City Council meeting: Top dog and election changes

Photo by Ron Sundquist – Mayor Nathan Magsig and the Clovis City Council for honoring the Clovis Veterans’ Memorial District on Monday night, June,1,2015

By Jeanine Fiser | Reporter

Clovis Mayor Nathan Magsig and members of the city council discussed possible changes to elections at the city council meeting July 5, and met the newest member of the Clovis Police Department, a two-year-old Springer Spaniel trained in narcotics detection named Murphy.

Capt. Tom Roberts of the Clovis Police Department said Murphy was born in Ireland and arrived in Clovis in June. Upon being certified, Murphy went straight to work and already helped in a successful drug bust on his first call.

“Their first night of patrol, which was actually assigned last night, they received their very first call out, they both responded, and there was currency and narcotics located,” Roberts said. “So that was a very successful first deployment.”

Roberts said Murphy is trained to detect marijuana, cocaine, methamphetamine and heroine. Murphy showed off his detection skills at the meeting by conducting a demonstration. He quickly located a shred of a cotton swab the officers earlier hid, proving Clovis has acquired a top dog.

The changes to elections the council considered were in response to two pieces of state legislation, SB 415 and SB 493. City Clerk John Holt described the meaning of both bills and their likely impacts, which include a possible change of when the city will hold elections and how district lines will be drawn.

“The first one is Senate Bill 415, and what it does is prevent the city from holding an election on any day other than a statewide general election date if doing so in the past has resulted in a turnout that is 25 percent less than the last four average state general elections,” Holt said.

Based on data that showed a 30 percent lower turnout in March than in November over the last four elections, it appeared the city will have to begin holding elections on the same day as statewide general elections by 2022. Holt said this would impact the three city council seats filled in March 2019 by cutting their terms short five months to hold elections in November 2022. Holt noted that consolidating elections will likely save the city money.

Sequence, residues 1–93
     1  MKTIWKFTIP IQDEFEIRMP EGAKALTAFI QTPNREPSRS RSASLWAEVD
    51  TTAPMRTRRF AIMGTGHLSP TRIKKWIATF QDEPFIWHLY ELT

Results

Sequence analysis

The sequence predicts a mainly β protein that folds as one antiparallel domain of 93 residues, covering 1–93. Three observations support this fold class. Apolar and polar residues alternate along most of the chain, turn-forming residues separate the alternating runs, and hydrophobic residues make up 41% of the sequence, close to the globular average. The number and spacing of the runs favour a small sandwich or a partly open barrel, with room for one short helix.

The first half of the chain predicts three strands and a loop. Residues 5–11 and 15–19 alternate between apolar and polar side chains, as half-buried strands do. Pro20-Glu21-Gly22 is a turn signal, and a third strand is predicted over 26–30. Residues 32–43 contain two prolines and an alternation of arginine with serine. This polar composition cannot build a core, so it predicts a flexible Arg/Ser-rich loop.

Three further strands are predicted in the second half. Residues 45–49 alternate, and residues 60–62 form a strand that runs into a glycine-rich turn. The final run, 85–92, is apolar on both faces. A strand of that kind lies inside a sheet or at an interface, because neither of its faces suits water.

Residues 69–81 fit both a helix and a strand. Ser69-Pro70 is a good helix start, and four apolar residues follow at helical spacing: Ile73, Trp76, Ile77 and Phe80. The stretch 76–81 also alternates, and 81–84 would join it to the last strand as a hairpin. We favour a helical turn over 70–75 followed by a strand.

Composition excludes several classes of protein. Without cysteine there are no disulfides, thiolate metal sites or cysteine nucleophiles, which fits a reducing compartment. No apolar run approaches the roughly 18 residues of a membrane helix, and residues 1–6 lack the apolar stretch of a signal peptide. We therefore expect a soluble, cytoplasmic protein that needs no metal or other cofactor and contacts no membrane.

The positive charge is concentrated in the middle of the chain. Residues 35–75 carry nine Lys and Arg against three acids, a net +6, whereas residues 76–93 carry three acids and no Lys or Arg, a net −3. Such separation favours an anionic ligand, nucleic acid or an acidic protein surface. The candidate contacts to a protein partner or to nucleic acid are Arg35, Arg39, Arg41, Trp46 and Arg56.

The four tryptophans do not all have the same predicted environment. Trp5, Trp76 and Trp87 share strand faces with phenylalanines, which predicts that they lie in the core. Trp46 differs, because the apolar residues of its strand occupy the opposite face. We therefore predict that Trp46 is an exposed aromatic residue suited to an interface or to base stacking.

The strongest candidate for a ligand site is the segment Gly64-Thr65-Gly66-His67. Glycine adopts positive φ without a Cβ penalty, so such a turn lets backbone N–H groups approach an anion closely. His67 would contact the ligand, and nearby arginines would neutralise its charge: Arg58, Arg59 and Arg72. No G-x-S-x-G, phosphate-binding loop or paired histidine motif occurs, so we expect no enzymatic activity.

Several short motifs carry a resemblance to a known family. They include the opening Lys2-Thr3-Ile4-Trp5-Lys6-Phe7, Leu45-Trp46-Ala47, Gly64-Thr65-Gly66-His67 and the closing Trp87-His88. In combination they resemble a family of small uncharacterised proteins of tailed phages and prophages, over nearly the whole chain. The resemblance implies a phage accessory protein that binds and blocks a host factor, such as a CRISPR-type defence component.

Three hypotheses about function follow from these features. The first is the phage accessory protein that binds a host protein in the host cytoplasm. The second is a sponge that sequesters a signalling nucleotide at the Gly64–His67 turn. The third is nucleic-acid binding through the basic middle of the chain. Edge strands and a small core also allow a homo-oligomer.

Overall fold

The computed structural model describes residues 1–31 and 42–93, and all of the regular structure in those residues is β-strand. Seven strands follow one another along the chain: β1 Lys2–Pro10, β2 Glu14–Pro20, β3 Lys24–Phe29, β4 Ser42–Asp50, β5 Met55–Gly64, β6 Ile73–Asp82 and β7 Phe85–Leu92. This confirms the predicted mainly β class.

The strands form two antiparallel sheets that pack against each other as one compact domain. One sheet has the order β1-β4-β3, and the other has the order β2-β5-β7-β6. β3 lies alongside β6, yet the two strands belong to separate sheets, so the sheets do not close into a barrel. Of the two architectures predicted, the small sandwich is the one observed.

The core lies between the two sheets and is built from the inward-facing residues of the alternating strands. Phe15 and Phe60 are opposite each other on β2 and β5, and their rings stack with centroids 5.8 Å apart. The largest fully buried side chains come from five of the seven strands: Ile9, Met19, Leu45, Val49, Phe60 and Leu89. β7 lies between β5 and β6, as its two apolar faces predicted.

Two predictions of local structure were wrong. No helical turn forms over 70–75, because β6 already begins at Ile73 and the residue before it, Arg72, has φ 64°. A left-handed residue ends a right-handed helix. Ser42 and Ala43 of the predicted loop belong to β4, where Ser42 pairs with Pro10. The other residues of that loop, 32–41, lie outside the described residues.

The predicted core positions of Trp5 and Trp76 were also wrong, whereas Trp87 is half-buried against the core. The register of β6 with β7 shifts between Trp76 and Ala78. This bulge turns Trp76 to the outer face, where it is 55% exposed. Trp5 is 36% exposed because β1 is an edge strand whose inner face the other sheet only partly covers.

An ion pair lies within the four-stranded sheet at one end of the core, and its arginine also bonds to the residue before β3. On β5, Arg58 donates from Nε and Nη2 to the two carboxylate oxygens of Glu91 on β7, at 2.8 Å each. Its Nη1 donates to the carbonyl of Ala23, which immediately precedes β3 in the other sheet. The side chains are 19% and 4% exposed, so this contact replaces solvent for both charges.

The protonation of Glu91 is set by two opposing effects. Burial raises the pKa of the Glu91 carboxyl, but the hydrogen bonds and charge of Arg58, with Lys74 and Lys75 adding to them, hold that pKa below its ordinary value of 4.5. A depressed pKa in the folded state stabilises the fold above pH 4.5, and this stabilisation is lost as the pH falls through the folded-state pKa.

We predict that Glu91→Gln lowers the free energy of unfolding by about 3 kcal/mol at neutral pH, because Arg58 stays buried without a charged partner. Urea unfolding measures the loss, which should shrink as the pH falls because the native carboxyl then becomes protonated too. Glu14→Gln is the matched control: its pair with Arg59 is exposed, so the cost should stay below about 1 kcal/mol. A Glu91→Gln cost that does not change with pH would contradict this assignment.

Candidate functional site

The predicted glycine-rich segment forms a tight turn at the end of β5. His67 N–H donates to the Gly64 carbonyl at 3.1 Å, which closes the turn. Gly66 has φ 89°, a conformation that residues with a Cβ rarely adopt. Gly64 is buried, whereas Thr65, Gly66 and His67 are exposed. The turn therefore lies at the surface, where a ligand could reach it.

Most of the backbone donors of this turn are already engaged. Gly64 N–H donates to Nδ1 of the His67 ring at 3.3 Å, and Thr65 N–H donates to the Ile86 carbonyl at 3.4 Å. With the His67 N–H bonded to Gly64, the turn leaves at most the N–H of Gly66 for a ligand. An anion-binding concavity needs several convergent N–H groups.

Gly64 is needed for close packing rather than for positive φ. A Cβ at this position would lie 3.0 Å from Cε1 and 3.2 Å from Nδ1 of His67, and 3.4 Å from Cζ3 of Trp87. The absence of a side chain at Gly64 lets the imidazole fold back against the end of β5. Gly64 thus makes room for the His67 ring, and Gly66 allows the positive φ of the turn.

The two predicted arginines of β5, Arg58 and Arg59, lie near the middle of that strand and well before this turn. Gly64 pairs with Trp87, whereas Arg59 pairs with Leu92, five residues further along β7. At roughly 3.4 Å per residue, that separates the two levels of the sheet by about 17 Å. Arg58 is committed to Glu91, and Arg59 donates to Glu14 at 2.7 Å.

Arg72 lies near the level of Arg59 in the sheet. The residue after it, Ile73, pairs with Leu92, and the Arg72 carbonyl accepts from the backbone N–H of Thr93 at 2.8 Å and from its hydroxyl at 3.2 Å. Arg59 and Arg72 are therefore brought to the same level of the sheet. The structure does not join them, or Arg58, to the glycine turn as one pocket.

The second bill Holt discussed affects cities that hold at-large elections for city council.

“This bill permits a city that elects its city council at-large to enact an ordinance switching its election method to by-district without submitting the change to voters for approval,” Holt said.

The bill is intended to prevent the dilution of minority voters’ votes depending on how district lines are drawn. Holt said the city will need to study demographic information and current districts to protect the city from legal action.

Another item of business the city council completed was confirming the City Manager Robert Woolley’s appointment of John Binaski to fire chief following the departure of fire chief Michael Despain.

“John has been with the City of Clovis since 2013 as the deputy fire chief, has over 25 years of experience, he’s been in Kingsburg, Tulare and Orange County so he has an incredible level of knowledge and has done an excellent job,” Woolley said. “It is an honor that I recommend John as the next fire chief of the City of Clovis.”

Binaski said he was honored to receive the recommendation and and thanked his family for supporting his career.

“I would not have been as successful without my wonderful wife who encouraged me and stayed home to care for my two daughters,” Binaski said. “This is actually a dream come true. When I came to the Central Valley 25 years ago I never imagined that I’d be fire chief of Clovis; it’s always been the premier city and the premier department.”

Despain, who is leaving for a job in Nebraska, said he was pleased to see Binaski taking the role as fire chief and was proud of the City of Clovis.

“I loved my time here in Clovis, it is absolutely the best place to raise a family,” Despain said. “I’ve had the best career, better than I could ask for.

Mayor Magsig closed the meeting with a reflection on the importance of the 4th of July holiday and the value of being able to celebrate freedom. He said there are issues facing the city and country, but compared to the rest of the world the nation is still great.

“Despite all the things that are going on I wouldn’t want to live in any other country,” Magsig said. “I want to encourage everyone in this room to be fully engaged in the upcoming election and fully engaged in the community.”